If you find that your photos somehow do not look complete, you can use a technique to change the layout of your photos. We will introduce square photos, as well as their shooting methods, that will deliver photos without a sense of discomfort no matter what composition you use. (Edited by Camera Biyori, Photos by: Takeshi Akaogi)
P: Program Auto, Av: Aperture-Priority AE, Tv: Shutter-Priority AE, M: Manual
A1: Change the aspect ratio
Select [Aspect Ratio] on the menu screen.
Select “1:1″ from “3:2″, “4:3″, “1:1″ and “16:9″ to take square photos.
What is aperture?
This is the ratio of the vertical axis to the horizontal axis in a photo. In a digital camera, you can choose aspect ratios from “3:2″, “4:3″, “1:1″, “16:9″, etc. Select “1:1″ when you want to shoot square photos.
Example of a shot taken with the aspect ratio changed
The mood changes even if the subject remains the same!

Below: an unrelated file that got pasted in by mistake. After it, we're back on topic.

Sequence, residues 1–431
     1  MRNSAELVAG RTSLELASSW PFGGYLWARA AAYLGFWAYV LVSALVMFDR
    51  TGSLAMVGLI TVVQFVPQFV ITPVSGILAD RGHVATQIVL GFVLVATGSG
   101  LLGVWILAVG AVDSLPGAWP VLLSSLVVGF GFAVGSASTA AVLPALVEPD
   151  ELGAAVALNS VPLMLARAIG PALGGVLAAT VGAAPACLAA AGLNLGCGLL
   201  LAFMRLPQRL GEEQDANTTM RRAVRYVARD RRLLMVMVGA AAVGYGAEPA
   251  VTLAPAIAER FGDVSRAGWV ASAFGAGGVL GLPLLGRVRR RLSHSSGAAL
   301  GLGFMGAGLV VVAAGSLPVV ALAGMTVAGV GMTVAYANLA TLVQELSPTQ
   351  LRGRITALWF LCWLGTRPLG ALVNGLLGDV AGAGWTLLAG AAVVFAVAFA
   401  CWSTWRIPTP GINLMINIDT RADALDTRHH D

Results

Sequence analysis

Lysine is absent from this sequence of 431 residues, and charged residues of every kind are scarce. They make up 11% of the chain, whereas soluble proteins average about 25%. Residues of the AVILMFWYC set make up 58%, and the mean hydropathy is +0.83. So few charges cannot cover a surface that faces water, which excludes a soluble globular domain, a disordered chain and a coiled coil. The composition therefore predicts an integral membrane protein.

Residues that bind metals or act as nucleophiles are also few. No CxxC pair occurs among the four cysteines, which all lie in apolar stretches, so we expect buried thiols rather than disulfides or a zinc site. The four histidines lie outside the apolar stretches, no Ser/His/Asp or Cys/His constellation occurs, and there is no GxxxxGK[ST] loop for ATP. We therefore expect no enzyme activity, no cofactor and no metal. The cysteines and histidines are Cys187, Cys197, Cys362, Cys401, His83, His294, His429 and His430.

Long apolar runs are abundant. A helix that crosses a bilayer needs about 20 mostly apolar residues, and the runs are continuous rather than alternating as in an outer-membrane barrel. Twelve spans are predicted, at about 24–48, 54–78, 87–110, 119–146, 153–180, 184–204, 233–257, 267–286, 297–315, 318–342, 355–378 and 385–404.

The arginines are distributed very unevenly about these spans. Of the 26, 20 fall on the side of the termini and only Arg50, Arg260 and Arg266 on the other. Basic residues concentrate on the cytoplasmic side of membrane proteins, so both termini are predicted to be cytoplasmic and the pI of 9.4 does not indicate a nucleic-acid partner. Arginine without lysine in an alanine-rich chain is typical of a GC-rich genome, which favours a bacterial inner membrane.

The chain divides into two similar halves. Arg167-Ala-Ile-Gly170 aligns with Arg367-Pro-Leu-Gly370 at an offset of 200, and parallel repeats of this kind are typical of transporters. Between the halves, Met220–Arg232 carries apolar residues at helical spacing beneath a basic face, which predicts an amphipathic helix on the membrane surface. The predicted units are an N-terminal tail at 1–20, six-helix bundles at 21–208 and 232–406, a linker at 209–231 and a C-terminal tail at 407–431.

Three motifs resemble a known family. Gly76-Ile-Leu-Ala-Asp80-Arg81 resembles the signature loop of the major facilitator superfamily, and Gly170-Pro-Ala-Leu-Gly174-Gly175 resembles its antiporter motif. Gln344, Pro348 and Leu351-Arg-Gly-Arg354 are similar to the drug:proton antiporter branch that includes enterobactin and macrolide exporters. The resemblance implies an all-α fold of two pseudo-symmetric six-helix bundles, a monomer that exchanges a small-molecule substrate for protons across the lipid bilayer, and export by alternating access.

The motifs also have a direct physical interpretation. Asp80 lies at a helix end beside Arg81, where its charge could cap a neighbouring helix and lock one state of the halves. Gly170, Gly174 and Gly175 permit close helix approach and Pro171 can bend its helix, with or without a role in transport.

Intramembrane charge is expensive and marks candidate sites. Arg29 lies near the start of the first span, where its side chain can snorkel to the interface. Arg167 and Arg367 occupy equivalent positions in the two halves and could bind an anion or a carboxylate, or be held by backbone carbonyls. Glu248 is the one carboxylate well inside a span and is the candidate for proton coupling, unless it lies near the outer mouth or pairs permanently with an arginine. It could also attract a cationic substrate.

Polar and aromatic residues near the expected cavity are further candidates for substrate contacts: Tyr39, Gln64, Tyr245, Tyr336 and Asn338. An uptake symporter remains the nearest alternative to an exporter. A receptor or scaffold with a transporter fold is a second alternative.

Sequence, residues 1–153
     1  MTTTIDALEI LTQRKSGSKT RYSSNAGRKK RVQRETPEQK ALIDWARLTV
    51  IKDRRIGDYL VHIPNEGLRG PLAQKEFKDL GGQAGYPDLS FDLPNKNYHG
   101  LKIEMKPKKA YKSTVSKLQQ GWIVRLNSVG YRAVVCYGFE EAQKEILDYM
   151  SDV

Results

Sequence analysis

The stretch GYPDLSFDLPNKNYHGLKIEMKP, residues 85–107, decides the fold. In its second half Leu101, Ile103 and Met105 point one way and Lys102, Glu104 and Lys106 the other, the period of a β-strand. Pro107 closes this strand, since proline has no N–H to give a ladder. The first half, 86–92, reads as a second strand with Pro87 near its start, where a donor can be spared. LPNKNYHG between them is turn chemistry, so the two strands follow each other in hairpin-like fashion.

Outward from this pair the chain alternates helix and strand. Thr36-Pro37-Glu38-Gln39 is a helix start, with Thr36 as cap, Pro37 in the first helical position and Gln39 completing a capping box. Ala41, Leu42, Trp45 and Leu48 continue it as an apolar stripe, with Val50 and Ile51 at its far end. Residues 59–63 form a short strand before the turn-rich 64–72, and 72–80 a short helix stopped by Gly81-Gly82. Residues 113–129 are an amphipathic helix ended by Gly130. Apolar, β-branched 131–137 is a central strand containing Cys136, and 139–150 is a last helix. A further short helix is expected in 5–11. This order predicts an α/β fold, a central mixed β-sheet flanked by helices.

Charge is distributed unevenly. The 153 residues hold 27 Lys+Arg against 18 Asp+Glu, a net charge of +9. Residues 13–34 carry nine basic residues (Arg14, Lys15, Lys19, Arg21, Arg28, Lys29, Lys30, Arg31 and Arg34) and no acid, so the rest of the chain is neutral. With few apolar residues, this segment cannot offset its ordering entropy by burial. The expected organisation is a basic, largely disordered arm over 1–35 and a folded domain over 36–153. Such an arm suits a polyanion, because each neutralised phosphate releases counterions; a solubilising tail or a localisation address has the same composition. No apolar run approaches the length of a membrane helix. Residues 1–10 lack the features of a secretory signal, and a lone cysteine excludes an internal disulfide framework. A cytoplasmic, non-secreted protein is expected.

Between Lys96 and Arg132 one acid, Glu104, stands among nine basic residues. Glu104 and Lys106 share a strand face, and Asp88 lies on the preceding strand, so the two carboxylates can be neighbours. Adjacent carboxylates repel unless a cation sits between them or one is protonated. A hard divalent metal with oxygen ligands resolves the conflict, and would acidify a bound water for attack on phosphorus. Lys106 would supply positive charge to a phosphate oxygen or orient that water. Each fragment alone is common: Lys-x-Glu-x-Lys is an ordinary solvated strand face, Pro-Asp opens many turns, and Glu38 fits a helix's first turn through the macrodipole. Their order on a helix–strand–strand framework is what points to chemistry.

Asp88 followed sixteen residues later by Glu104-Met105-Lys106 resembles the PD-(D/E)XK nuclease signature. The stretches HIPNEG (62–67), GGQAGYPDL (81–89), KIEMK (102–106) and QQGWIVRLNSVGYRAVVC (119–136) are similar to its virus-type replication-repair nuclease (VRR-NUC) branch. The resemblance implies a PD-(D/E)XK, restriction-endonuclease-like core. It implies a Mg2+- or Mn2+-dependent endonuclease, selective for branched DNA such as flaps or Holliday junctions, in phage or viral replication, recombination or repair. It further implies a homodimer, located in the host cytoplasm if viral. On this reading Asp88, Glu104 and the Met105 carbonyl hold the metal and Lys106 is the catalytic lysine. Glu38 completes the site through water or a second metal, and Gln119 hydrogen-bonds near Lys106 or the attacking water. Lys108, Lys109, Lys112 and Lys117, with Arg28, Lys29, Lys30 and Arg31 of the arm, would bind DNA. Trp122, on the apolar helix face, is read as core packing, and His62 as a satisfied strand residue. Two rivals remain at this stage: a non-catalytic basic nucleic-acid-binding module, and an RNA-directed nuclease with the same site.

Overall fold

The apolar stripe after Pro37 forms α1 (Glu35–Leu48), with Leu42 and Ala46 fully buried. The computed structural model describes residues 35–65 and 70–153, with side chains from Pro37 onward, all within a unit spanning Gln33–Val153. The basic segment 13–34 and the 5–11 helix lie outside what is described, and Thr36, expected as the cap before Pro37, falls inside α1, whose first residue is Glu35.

Most often used in DSLRs with the same ratio as 35 mm film and a slightly longer horizontal axis.
The ratio is the same for the vertical and horizontal axes (square).
Long and narrow ratio that is ideal for watching on TV.
Often used in compact digital cameras with a slightly longer vertical axis than 3:2.
Take up the photography challenge!
Make your photos look cuter using an aspect ratio of 1:1 to take square photos!
A square frame has a characteristic of making the main subject stand out without the picture being ruined by unnecessary objects entering the margins of the screen. Since the line of sight is focused on the centre without being diverted to the left and right, the composition is easy to create with a sense of balance and stability.
As a photographer, Akaogi works mainly for magazines and writes books introducing photography and practical tips. He also teaches at photography workshops.
Camera Biyori is a Japanese photography magazine introducing charming photos and daily joy with cameras. Suggesting fun activities relating to cameras and photography, Camera Biyori editorial department also offer the "Camera Biyori Photography School" to recommend its readers to engage in photography and have fun.
Published by Daiichi Progress Inc.